Researchers at Case Western Reserve School of Medicine in Cleveland reviewed data for 31,957 patients treated for melanoma between 1996 and 2009 in Ohio.
They found that patients were two and a half times likelier to be diagnosed with late-stage melanoma if they were covered by Medicaid, said lead author Katherine Chiang, a fourth-year medical student at Case Western.
In the final study, researchers found that Chicago women were less likely to receive medically advanced techniques for diagnosing breast cancer if they had Medicaid or Medicare, the government insurance program for older Americans.
Only 47 percent of Medicaid or Medicare patients received a breast MRI, compared with 81 percent of those with private insurance, researchers found.
Image-guided core needle biopsy, which uses imaging scans to guide the needle to the site of the suspected cancer, had similar utilization differences -- 25 percent of Medicaid or Medicare patients received this test, compared with 81 percent of patients with private insurance.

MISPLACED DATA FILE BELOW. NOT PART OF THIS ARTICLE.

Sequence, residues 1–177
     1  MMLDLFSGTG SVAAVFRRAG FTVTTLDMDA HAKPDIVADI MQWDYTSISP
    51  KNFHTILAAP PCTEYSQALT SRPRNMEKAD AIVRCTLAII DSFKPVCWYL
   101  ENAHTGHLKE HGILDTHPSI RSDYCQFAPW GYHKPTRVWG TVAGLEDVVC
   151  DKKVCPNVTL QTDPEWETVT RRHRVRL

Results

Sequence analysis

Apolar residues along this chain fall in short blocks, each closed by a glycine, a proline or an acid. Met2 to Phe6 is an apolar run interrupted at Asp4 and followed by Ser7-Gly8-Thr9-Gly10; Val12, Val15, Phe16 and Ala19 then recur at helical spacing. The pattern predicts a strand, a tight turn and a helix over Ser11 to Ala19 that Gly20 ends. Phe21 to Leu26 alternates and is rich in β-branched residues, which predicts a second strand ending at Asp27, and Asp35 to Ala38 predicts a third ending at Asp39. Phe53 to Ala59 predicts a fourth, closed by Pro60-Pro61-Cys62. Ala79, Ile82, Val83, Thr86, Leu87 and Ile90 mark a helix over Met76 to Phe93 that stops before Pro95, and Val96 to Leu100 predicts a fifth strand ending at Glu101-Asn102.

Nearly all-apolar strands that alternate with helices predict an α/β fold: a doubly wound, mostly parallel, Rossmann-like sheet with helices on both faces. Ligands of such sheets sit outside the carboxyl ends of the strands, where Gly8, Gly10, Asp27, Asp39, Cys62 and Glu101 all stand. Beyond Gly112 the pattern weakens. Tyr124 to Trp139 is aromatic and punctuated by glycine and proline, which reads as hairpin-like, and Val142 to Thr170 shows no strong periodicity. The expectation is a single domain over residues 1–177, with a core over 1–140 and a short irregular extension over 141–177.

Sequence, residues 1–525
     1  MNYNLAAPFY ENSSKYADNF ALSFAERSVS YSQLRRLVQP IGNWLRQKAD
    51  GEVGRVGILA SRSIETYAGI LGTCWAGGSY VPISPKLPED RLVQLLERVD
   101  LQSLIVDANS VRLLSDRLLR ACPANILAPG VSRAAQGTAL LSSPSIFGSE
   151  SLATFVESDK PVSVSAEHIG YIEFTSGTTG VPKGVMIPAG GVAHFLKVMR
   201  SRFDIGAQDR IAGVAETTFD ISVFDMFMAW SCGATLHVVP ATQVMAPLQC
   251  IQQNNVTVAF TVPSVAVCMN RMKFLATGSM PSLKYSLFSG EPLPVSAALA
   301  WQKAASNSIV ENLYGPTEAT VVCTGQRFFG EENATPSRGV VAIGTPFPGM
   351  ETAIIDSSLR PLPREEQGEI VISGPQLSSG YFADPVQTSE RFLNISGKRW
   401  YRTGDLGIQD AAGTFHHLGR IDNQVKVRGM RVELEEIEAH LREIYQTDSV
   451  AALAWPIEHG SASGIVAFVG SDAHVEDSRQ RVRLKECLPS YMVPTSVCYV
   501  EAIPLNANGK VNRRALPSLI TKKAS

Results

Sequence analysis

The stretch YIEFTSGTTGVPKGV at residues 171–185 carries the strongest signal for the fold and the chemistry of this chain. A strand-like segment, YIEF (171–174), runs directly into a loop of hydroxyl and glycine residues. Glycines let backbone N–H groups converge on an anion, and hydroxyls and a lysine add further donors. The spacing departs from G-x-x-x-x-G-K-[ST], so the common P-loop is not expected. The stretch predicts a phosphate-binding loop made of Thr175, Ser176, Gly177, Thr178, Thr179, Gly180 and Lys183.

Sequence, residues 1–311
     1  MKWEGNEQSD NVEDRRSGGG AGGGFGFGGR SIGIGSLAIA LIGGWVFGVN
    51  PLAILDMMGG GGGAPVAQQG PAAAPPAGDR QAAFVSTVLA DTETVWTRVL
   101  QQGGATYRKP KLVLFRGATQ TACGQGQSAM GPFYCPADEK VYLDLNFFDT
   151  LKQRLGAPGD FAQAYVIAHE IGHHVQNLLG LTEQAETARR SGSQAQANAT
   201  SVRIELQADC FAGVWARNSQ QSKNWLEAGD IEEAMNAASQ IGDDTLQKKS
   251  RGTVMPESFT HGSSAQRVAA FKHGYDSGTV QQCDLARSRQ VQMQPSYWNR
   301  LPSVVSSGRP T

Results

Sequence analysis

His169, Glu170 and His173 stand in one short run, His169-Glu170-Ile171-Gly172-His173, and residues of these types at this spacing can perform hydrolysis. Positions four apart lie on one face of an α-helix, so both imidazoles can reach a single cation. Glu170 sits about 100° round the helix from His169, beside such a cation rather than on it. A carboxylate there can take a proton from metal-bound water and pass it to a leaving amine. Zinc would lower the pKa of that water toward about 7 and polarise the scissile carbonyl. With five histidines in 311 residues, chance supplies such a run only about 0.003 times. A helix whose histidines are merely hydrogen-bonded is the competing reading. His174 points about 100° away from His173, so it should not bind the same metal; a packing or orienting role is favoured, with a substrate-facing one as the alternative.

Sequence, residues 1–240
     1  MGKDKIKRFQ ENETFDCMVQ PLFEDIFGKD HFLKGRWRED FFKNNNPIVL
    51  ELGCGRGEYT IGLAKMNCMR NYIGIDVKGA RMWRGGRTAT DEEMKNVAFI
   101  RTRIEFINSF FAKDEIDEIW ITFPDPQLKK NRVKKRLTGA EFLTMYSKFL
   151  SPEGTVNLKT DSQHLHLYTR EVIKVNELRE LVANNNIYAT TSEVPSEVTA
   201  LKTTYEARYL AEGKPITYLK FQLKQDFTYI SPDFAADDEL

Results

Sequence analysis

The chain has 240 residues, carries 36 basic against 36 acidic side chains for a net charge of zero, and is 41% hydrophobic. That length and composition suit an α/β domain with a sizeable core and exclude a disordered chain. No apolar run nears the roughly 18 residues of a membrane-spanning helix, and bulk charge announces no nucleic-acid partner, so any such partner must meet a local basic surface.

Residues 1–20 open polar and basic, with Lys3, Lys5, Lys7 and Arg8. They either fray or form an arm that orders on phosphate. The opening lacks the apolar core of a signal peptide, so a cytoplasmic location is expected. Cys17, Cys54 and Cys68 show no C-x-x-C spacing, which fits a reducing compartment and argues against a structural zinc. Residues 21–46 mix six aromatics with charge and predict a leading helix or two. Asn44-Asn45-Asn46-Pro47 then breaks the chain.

The reasons behind the poorer cancer care for Medicaid patients are complex, ASCO spokespeople said.
Patients often have trouble finding a doctor or hospital that participates in Medicaid, because the program traditionally has not paid as well as Medicare or private insurance for medical services, said Patel and Dr. Harold Burstein. He is an ASCO spokesman and an oncologist with the Dana-Farber Cancer Institute in Boston and an associate professor at Harvard Medical School.
On top of that, Medicaid's low-income enrollees have life problems that can hamper their cancer care, such as being unable to get a ride to the doctor or to leave work for an appointment, Patel and Burstein added.
More people than ever are covered by Medicaid or the Children's Health Insurance Program, with 4.8 million additional people joining since the Affordable Care Actmarketplaces opened in October 2013. Currently, a total 64.6 million low-income people are covered by the federal health insurance programs.